This research was supported by Grant 5 RO1 DC00484, NIH NIDCD. Portions of this paper were presented at the Eighth International Conference on Infant Studies, 8 May 1992, Miami Beach, Florida.
Lexical Development in Bilingual Infants and Toddlers: Comparison to Monolingual Norms
Article first published online: 27 OCT 2006
© 1993 Language Learning Research Club, University of Michigan
Volume 43, Issue 1, pages 93–120, March 1993
How to Cite
Pearson, B. Z., Fernández, S. C. and Oller, D. K. (1993), Lexical Development in Bilingual Infants and Toddlers: Comparison to Monolingual Norms. Language Learning, 43: 93–120. doi: 10.1111/j.1467-1770.1993.tb00174.x
We gratefully acknowledge the help of Donna Thal and Donna Jackson-Maldonadoof the CRL in San Diego for the use of the Spanish form sand of Larry Fenson of San Diego and Bill LeBlanc of the University of Miami for their help in the evaluation of the children's scores.
- Issue published online: 27 OCT 2006
- Article first published online: 27 OCT 2006
- Final version accepted 12 November 1992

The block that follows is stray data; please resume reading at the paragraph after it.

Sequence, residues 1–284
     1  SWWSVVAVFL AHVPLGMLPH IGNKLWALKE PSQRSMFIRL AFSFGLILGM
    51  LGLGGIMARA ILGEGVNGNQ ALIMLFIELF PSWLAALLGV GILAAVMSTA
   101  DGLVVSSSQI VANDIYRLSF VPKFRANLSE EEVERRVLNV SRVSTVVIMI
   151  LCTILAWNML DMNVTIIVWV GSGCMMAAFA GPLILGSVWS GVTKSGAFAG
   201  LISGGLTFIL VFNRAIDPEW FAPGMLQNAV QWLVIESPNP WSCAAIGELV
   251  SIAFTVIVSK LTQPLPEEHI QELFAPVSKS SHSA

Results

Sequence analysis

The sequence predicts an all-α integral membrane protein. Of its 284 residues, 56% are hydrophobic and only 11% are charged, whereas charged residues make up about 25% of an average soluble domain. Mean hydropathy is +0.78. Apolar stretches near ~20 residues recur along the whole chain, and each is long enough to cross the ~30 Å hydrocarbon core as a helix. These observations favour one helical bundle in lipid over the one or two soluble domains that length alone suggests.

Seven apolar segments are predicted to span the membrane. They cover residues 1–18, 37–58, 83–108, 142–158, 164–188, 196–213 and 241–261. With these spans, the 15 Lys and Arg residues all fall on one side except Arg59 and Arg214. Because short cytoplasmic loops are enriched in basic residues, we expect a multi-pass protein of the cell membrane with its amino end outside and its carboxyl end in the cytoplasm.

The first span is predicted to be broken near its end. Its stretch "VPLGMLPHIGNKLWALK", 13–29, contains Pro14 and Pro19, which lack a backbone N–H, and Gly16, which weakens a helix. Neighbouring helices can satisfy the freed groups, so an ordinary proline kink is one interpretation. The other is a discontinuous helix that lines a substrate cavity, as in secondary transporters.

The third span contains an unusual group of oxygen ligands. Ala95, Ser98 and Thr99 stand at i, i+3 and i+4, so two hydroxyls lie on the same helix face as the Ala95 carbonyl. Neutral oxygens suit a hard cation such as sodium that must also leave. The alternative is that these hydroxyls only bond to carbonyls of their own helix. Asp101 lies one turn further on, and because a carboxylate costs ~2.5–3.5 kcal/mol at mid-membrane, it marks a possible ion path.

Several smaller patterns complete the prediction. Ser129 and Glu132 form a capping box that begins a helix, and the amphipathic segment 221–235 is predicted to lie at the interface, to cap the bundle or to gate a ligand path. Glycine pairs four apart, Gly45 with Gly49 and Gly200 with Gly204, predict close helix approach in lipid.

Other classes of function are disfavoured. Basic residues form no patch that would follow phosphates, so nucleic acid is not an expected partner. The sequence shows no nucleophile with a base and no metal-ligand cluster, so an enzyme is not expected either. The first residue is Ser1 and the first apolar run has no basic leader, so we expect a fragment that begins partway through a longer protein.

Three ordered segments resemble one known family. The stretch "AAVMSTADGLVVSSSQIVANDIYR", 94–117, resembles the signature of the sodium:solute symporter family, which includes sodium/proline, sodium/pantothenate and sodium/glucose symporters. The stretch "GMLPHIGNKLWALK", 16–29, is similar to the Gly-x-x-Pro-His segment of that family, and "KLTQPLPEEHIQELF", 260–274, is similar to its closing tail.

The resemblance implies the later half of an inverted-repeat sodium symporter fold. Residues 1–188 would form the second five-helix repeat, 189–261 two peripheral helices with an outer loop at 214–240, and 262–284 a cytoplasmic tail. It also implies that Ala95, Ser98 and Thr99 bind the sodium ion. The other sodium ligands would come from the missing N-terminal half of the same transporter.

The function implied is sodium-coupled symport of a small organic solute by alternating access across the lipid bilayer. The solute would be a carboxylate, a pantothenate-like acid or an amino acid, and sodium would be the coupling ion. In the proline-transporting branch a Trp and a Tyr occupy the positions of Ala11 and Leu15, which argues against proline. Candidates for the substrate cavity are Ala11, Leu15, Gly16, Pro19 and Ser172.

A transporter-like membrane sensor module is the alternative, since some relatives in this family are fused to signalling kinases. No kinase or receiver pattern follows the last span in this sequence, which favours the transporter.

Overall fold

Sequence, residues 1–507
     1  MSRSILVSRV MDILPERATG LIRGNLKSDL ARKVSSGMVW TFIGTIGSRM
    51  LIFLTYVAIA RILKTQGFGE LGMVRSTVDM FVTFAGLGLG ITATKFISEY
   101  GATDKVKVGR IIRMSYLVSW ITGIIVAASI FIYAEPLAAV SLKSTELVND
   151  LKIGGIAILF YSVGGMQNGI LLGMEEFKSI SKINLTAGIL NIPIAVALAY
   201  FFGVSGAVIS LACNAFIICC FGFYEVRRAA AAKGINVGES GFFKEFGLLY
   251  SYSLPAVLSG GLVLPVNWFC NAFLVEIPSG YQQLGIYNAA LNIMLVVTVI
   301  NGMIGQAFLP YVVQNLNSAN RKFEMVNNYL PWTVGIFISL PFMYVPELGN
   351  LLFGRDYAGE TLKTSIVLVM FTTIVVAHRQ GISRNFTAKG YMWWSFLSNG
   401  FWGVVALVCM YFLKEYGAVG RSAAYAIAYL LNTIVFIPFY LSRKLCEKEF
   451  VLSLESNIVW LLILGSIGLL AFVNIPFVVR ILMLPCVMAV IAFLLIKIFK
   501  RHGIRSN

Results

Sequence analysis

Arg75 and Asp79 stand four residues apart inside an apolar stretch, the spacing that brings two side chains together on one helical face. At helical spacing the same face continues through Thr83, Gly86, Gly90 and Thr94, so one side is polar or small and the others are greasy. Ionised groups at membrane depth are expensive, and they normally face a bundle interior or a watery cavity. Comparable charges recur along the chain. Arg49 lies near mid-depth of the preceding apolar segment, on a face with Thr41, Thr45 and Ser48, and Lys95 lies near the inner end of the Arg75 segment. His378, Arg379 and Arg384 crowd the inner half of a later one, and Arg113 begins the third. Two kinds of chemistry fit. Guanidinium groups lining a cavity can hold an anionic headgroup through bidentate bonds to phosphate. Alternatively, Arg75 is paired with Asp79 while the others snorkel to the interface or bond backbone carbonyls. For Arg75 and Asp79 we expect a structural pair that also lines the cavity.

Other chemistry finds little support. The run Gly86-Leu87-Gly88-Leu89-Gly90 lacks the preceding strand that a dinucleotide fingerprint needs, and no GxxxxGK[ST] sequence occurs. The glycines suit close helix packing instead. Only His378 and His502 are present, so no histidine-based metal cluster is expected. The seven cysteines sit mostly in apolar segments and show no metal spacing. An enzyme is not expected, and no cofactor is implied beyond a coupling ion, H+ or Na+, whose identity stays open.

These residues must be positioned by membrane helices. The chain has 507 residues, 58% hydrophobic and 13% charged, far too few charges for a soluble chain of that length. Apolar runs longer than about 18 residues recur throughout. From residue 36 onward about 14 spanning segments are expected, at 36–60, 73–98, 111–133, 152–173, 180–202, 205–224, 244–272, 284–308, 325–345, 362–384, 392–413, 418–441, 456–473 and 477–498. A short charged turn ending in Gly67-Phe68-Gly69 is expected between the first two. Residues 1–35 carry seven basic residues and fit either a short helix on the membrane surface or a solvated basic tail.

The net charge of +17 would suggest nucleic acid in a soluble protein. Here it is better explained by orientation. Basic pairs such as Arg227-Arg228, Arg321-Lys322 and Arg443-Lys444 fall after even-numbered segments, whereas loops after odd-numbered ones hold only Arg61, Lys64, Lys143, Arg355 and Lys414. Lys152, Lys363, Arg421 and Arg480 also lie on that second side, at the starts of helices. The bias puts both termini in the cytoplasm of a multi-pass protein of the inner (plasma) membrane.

This study compares lexical development in a sample of 25 simultaneous bilingual and 35 monolingual children for whom semilongitudinal data were collected between the ages of 8 and 30 months. A standardized parent report form, the MacArthur Communicative Development Inventory (1989), was used to assess the children's receptive and productive vocabulary in English and/or Spanish. A methodology was devised to assess the degree of overlap between the bilingual children's lexical knowledge in one language and their knowledge in the other. Using the measures presented here, there was no statistical basis for concluding that the bilingual children were slower to develop early vocabulary than was the monolingual comparison group. The wide range of vocabulary sizes observed at these ages in normally developing children (Fenson et al., 1991) was observed in these bilingual children as well. The close correspondence of the pattern of the bilinguals' growth in two languages at once to monolinguals' growth in one suggests that norms for lexical development in bilinguals should be made with reference to the children's performance in two languages together.